Half a croissant, on a plate, with a sign in front of it saying '50c'
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Dolittle Doors

for creature calling
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(+1)
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I have an inescapable desire to talk to animals in their own tongue. I find it pleasurable to purr with my cat and wouldn’t say neigh to exchanging some horse sense over a fence. When driving in the country, the sight of cattle or sheep causes a welling-up of moo’s and baa’s, but they’re often obstructed by the speed, noise and the window holding in temperate air.

I would like a row of small, red, rubber bulbs on the inside of the door. Each would have a label with white text on black background in etched plastic or enamel with names like “cow” or “dog” or “reindeer”. Squeezing a bulb would produce (probably electronically) the utterance of that particular beast.

Even my passengers would appreciate being able to talk to others during an outing. A slight pressure on a bulb would result in a reverent animal whisper to salute sighted road kill. Owners of Volvos and Saabs might be surprised to hear the “nöff” of a pig, the “vov vov” of a dog, the “krax” of a crow, the “kvack” of a frog and a rooster’s “kuckeliku”.

FarmerJohn, Mar 31 2004

Sounds of the World's Animals http://www.georgeto...ulty/ballc/animals/
[FarmerJohn, Oct 17 2004, last modified Oct 21 2004]

35 Sound Horn System for Automobiles http://www.jcwhitne...D=101&storeId=10101
This bit of add-on automotive kit comes complete with sheep, cow, cat, hen, dog, rooster, goose , duck and frog horn sounds built in. Sadly, it has no small red rubber bulbs on the standard unit. However, it will also imitate a machine gun, if that's any consolation. [jurist]

The Takara Bow-Lingual http://www.takara-u...com/bowlingual.html
Man's best friend is his dog translator. [jurist, Oct 17 2004, last modified Oct 21 2004]

The Takara Bow-Lingual http://www.takara-usa.com/bowlingual.html
Man's best friend is his dog translator. [DrBob, Oct 17 2004]

[link]






       I said hello to a blackbird this morning - it was about 1 foot away from my face. gawd, I am seriously losing the plot here.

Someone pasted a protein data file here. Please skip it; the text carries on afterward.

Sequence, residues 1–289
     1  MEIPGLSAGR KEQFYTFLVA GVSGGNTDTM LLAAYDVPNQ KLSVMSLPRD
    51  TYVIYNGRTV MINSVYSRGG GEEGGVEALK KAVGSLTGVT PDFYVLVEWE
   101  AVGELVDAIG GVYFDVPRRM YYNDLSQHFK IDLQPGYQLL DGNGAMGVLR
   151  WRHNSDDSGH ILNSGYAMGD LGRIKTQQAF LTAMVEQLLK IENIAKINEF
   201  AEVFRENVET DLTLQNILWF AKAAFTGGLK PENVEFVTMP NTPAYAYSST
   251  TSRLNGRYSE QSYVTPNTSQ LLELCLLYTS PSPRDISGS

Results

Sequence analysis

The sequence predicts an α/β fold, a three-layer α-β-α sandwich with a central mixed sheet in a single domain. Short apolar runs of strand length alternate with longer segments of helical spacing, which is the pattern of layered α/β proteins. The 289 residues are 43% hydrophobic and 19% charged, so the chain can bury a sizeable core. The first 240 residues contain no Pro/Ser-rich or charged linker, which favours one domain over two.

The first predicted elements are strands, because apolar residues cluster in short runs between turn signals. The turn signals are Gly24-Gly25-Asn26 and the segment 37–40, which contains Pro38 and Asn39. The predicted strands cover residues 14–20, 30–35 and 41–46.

po, Mar 31 2004
  

       [po], not at all. I do it all the time. They even talk back.
saker, Mar 31 2004
  

       There were some cockatoos in a courtyard near the office in which I used to work; which someone had taught to say "good morning!" It confused me the first time, because I didn't know it was the birds.
Detly, Mar 31 2004
  

       When talking to animals I find that the tone of voice is more important than the actual language used. A cheery "Good morning Mr Squirrel" always gets a better response than a sullen "Sod off you little tree-rat". So I'm voting against on the grounds that this would be merely generating noise rather than communication.
DrBob, Mar 31 2004
  

       And a cheery "Sod off you little tree-rat" always gets a better response than a sullen "Good morning Mr Squirrel".
FarmerJohn, Mar 31 2004
  

       Or a sinister "Good morning, missssssster Sssssssquirrel". With a furtive leer. Funnily enough, there was an item on TV last night about a dog translator that has been invented in Japan. Probably give results such as
The stars have faded to day
The sun warms the grass
Please let me out for a pee.
  

       Or something.
squeak, Mar 31 2004
  

       Nice one [squeak]!
gnomethang, Mar 31 2004
  

       Quite, FarmerJohn. Quite.

Link added for squeak. Enjoy!

Once again it is seen that, whilst most of us merely knock around a few half-baked ideas, the Japanese embrace them wholeheartedly, mass produce them and then buy them. You've got to admire their pluck.
DrBob, Apr 01 2004
  

       And the fact that only they have created and filled a market for "plushes" (pronounced with an 'oo').
Detly, Apr 02 2004
  

       I'm just a little concerned aboutthe fact that the sounds will only 'probably' be electronic. Although I'm all for fitting many species of animals in the bodywork of cars, they can cause problems when driving.
miasere, Apr 02 2004
  

       Ha! Of course, I meant instead of simple acoustical horns.
FarmerJohn, Apr 02 2004
  

       I just want one that screams "WOLF WOLF WOLF" in deerspeak. My neighborhood is thick with deer, and I don't want to hit them!
DonBirnam, Apr 02 2004
  

       We had a neighbor (at the beautiful village of Ein Hod) who owned a sheep named Rachel. (Rachel in ancient Hebrew is a mature female sheep). His name was Omer and he worked at home doing car repairs in his back yard . Every day his wife would come home and call him: Omerrr! Then one day she comes home and before she had a chance to say a word she hears O meh eh eh errr! O meh eh eh errr!! Only after a long search for the voice's origin did she find out it was Rachel.
pashute, Mar 11 2018
  

       Er, are you quite sure this wasn't in wales ? Sheep that look and sound like the welsh are disturbingly commonplace, due to the significant proportion of shared cultural* heritage and indeed DNA ...   

       *There is actually such a thing as welsh culture, although if you spray it with a strong solution of hypochlorite bleach it will eventually wipe off.
8th of 7, Mar 11 2018
  

       a friend of mine, (who is long dead) once bought a sheep for a pet. When she asked the Zulu man she bought it from what it's name was, he said "Angazi", which is Zulu for 'I don't know'. So she called it Angus.
Edie, Mar 12 2018
  

       // a friend of mine, (who is long dead) once bought a sheep for a pet //   

       It would be reassuring if you could confirm the total absence of any causal relationship between those two statements.
8th of 7, Mar 12 2018
  
      
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